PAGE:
Creating a decent, professional looking resume is one thing. But did you know that most American hiring managers check your LinkedIn profile as well?
And if they see unprofessionalism there you could end up losing the job opportunity no matter whether you created the world’s best resume or not.
It doesn’t have to be like that tough! Because you can create fantastic resumes and equally good LinkedIn profiles; all you need is to pay attention to the differences between the two and how you can use those differences to your own benefit.
LinkedIn is Not a Resume
When you apply for a job you create a job-specific resume that only contains information which is relevant to your employer. LinkedIn, however, is a professional profile that tells more about you. In other words, it works as a complementary resume: your primary resume draws attention to you which results in the hiring manager checking out your LinkedIn (and Facebook, Twitter etc.) profile. In a resume you enlist your abilities. On LinkedIn you can actually prove them, further convincing your employer that you are the ideal candidate.
What LinkedIn Can Do That Your Resume Can’t
LinkedIn is the ideal place for networking, which usually manifests in the form of job offers by hiring managers. Sometimes this can be strange, especially if you have a job, but even by forwarding the offer to a real job seeker you contribute to the growth of your own network. LinkedIn is also perfect for receiving recommendations and gathering references, which can prove your work history. And last, but not least, the summary: in this part you can tell about your expertise and personal brand differentiation in 120 words in a somewhat more informal tone you are not allowed to use in a resume.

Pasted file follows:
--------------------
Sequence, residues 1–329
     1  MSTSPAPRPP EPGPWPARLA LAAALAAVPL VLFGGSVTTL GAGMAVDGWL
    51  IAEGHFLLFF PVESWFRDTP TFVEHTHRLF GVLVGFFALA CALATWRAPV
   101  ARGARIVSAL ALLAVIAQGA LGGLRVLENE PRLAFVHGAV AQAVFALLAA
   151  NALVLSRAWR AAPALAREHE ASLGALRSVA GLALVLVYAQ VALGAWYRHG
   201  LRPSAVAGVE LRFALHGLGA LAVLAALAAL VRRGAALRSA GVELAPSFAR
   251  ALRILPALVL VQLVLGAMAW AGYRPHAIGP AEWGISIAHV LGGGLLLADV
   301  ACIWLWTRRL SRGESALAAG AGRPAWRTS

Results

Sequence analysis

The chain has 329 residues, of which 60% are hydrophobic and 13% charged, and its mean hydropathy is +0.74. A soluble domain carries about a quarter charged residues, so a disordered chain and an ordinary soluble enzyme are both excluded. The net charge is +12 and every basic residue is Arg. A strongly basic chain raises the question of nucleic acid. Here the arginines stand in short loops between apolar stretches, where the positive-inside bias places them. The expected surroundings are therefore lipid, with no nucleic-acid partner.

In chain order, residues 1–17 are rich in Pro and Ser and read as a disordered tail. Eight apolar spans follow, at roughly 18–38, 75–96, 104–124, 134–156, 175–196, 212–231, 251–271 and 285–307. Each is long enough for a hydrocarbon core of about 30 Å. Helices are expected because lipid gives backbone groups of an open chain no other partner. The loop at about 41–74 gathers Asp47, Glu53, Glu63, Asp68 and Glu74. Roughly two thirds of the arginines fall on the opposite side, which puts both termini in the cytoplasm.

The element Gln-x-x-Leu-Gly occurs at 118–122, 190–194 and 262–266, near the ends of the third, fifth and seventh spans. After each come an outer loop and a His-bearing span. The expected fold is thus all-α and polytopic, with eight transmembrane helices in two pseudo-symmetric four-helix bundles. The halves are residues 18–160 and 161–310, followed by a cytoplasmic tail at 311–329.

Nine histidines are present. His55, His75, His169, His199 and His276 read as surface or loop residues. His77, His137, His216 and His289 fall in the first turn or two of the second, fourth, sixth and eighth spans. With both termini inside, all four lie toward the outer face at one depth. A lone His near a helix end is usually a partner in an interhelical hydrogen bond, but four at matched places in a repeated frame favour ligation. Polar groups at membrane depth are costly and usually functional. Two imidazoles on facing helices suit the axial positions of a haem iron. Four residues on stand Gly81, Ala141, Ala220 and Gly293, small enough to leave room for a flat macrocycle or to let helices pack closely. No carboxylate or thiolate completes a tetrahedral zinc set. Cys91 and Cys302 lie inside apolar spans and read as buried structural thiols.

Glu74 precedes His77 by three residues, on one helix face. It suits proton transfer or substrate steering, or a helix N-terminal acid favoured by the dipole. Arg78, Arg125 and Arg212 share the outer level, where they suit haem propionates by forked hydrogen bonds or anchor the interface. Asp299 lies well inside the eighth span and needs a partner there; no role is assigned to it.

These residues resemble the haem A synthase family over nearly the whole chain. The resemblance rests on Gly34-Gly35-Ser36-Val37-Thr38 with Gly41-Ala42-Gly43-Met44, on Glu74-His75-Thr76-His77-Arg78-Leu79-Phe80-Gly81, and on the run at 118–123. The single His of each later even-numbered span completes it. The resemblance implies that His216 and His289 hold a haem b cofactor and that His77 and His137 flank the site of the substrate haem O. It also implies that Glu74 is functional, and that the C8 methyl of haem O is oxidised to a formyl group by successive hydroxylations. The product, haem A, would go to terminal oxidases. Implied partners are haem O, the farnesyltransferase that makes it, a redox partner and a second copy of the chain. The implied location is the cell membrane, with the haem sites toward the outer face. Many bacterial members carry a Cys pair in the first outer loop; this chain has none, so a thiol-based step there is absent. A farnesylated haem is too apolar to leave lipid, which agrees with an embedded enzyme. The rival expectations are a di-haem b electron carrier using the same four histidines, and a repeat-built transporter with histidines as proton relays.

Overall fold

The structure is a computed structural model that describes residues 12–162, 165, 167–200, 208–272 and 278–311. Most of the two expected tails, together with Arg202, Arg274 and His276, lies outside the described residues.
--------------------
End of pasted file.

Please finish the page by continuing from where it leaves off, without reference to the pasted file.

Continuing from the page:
What Can Be the Same on a Resume and LinkedIn
Despite their differences, both resumes and your LinkedIn profile have the same purpose: build your brand and (possibly) get you a job. Therefore all information about yourself has to be accurate on both platforms: your contact info has to be up-to-date just like your work experience, your studies and, if needed, your references and any additional information your employer wants to see. You don’t have to do that manually though: LinkedIn is capable of importing your base resume in PDF format, so you only have to fill out those sections that cannot be included in resumes for any reason.
This is also true for photos. You can still create professional resumes without photos – in that case you must include a photo on your LinkedIn profile. If you insist on adding a photo to your resume, whether it’s a different one or the same as your profile picture, be sure that your photo suggests professionalism.
Now that you have a convincing LinkedIn profile you might be wondering: why can’t I use it for job applications? Actually, you can: with the help of (online) resume builders. This software can import all relevant data from your profile and turn them into professional looking resume, which you can customize the way you want.
Best Resume Builders of 2019